Thursday, January 24, 2013

The Much Delayed Ray Fracalossy Interview

One of my favorite writers, whom I stumbled upon almost accidentally at the (currently non-operational) New Absurdist, author of Tales from the Vinegar Wasteland (rereleased by LegumeMan ), Ray Fracalossy, allowed me to pester him with a few questions.  He answered these questions.  Then I decided to publish the whole thing, call it an interview and post it here on my blog.  Without further ado:

GAB: When did you start writing?

RF: I've dabbled with writing since high school, but never found my voice until I discovered the New Absurdist website around 2003. I actually discovered the site through a surrealist newsgroup.

GAB: Why do you write?

RF:I think I mostly write as therapy. I'm also not a writer who feels any need to mass produce. In fact, I'm of the opinion that most people only have a limited number of stories within them before they begin to repeat themselves. I think that's true with most art as well.

GAB: You have expressed to me previously that you think of yourself as an absurdist. In your mind how is absurdism different from other genres such as surrealism, irrealism, magical realism or Bizarro?

RF:I've heard all those terms tossed around. Modern absudism is virtually indistinguishable to surrealism and irrealism. I'm sure there may be subtle differences, but they're all contrived.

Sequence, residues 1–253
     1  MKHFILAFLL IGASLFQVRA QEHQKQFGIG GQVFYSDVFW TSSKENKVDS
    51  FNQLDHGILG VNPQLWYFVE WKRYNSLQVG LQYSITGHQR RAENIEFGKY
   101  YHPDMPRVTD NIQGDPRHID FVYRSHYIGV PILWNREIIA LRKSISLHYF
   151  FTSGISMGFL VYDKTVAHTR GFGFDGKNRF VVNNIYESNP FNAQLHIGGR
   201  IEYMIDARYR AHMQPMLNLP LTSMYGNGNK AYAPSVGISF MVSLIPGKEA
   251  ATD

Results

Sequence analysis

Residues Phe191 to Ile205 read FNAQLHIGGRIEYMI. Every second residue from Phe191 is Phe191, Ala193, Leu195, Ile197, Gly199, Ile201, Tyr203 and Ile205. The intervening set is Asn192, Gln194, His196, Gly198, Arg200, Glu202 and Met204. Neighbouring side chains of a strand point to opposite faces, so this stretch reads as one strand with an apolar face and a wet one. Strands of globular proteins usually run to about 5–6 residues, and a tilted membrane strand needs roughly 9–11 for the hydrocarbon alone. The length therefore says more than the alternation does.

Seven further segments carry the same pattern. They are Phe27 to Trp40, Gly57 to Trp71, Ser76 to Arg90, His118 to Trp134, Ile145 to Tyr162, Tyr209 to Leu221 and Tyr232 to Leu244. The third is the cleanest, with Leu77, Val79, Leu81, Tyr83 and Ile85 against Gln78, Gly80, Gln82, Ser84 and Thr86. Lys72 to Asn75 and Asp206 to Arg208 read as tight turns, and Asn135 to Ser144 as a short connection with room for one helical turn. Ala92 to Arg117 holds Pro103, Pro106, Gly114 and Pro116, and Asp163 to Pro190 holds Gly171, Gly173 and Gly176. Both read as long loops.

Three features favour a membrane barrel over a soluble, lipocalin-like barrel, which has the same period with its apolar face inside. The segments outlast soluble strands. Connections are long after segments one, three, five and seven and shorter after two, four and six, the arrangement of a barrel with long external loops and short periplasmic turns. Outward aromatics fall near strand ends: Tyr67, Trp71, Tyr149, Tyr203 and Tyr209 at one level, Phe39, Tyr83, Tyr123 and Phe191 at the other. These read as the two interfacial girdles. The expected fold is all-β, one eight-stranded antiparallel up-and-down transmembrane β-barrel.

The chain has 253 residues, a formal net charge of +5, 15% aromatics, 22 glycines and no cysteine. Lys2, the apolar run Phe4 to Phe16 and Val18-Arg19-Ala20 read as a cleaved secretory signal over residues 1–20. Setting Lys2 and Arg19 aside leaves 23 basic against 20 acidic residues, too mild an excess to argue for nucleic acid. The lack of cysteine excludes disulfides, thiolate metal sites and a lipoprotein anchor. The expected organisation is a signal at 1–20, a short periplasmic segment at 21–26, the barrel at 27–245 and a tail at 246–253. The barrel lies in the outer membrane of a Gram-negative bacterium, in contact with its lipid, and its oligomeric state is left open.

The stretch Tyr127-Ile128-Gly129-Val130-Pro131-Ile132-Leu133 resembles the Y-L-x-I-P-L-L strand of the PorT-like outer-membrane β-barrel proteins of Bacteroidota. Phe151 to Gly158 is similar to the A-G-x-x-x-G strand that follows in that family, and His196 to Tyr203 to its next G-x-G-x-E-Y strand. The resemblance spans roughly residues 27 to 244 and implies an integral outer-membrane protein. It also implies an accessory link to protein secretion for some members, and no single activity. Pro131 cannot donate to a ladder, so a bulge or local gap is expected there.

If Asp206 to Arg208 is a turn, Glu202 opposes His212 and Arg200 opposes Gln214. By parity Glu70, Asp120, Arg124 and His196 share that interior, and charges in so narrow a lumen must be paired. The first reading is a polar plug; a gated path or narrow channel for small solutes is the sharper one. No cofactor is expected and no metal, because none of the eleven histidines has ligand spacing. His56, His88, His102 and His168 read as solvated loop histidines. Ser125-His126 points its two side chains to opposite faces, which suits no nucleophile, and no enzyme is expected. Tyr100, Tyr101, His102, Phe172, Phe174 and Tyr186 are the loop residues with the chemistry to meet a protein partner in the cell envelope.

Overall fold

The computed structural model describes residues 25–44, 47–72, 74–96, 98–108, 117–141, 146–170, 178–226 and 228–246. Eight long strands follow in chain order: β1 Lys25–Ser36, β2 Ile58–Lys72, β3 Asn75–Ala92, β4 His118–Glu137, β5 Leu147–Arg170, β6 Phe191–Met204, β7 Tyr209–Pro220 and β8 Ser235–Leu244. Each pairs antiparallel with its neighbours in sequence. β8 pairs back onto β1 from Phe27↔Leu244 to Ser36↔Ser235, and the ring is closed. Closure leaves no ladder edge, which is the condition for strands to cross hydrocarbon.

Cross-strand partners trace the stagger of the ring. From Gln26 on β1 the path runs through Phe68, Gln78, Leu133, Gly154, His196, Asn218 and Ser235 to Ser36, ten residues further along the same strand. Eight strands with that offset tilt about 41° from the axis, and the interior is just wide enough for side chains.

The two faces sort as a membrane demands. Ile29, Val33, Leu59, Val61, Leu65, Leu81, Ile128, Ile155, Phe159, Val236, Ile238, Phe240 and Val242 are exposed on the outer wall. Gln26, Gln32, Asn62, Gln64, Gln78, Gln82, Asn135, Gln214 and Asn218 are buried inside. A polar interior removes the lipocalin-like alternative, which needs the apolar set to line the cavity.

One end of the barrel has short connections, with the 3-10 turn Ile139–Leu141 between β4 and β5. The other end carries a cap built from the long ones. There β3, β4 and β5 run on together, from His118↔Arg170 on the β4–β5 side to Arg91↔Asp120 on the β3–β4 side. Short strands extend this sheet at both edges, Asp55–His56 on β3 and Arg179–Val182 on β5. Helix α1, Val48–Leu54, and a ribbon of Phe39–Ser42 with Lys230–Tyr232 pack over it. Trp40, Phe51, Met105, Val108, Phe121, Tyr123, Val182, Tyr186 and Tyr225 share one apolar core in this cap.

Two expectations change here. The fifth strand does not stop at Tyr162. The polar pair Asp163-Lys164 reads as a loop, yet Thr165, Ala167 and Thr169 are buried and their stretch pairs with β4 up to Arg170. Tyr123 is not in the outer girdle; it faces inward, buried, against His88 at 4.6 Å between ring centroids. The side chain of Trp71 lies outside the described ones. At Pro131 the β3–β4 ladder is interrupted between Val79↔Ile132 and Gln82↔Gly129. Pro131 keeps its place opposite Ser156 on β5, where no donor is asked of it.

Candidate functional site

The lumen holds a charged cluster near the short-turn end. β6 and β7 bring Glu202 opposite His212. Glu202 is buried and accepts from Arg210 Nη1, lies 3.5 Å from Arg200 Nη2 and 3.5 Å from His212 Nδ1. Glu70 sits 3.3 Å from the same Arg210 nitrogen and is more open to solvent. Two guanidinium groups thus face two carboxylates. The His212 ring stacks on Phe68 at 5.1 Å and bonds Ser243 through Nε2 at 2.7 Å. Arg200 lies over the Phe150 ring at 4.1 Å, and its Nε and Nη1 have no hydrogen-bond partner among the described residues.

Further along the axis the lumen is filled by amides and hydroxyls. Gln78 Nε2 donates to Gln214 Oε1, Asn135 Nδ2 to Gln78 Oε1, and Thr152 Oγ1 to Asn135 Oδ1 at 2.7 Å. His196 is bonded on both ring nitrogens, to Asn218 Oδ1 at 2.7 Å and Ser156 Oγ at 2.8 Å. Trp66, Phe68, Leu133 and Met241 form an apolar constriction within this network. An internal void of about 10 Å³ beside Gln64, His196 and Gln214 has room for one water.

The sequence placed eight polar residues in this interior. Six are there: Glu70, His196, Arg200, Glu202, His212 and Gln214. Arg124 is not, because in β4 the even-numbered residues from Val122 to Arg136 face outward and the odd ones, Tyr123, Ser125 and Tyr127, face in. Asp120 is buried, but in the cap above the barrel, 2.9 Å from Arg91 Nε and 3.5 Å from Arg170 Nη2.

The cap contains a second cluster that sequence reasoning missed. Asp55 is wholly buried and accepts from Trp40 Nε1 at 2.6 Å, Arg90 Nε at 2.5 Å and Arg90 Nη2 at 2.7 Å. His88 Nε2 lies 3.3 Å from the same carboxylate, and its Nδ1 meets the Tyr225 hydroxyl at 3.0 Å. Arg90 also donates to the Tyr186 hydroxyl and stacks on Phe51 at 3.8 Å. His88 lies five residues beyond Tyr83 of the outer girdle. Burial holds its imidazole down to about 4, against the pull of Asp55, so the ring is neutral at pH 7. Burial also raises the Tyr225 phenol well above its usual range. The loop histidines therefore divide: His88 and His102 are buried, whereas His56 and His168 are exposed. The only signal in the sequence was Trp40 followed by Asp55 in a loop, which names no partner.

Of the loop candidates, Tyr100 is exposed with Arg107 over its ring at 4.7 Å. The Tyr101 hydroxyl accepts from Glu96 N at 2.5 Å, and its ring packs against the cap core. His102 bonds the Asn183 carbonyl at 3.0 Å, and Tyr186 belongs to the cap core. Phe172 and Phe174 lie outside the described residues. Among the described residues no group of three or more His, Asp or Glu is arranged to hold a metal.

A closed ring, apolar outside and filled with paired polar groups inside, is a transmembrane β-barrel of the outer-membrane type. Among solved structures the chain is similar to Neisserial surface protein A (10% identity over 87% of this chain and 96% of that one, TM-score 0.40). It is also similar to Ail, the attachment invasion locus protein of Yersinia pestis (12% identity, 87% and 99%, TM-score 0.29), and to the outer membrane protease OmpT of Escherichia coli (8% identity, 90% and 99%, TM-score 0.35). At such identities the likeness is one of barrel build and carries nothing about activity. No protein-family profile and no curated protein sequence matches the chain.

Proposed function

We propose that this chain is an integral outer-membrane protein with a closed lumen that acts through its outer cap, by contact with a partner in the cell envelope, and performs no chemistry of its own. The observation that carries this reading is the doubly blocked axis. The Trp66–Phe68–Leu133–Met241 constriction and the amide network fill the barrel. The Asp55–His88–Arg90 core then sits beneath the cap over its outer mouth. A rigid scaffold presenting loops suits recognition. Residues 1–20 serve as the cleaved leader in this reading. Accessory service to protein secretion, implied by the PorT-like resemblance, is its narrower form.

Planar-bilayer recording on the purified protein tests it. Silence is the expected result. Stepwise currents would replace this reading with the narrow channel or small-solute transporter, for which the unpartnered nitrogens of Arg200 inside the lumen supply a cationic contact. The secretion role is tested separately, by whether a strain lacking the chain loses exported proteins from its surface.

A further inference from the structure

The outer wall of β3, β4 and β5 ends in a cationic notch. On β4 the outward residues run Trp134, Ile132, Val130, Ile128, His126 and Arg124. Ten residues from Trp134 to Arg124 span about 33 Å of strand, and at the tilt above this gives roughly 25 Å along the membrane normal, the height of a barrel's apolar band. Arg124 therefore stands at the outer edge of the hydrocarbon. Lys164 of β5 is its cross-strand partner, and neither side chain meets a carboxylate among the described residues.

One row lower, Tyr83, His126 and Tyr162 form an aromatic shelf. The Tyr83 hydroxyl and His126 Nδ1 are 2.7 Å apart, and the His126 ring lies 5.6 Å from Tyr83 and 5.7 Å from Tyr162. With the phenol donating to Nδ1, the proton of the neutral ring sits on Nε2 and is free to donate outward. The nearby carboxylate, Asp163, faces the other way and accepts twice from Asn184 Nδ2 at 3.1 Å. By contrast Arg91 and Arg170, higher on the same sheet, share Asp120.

It comes down to a preference in labeling. Magical realism is a different beast, and I find that term a little confusing. From what I know, they share elements, but absurdist writing is much freer. That was my initial attraction to the genre. It can be very non-linear. There doesn't even need to be a plot, a definite beginning or ending or any strong characterization. There can be all those things, but it's not necessary.

Bizarro is just a catch phrase. A made up genre trying to tie all oddball writing together under one umbrella. So I guess all absurdist fiction is Bizarro, but not all Bizarro is absurdist. Again, lots of common elements. I'm not a big fan of the term. It implies certain things.  Bizarro seems to attract writers captivated by disturbing images. I think a lot of Bizarro authors would be writing horror if they didn't find that genre so over done. It's also very cultish and kitschy, tons of pop culture references. Very B-movie influenced. I think my main complaint with the genre is its disposition towards novels over short stories. I love short stories. There also tends to be a lack of childlike innocence concerning Bizarro. Often they appear to be shooting for shock value, or a gross out.

GAB: Which other absurdists are you reading?

RF: Daniil Kharms is a must. Other old schoolers I enjoy reading include Alexander Vvedensky and Eugene Ionesco. Barry Yourgrau is real good. His stories are always short and in the first person. Very dreamlike. Other good reads include Eric Chevillard and Valery Ronshin. Lewis Carroll ranks high. At the moment I tend to be reading more nonfiction. I've always preferred it.

GAB: What non-fiction in particular?

RF: Biographies, anything regarding altered states of consciousness, texts pertaining to the spiritual or paranormal.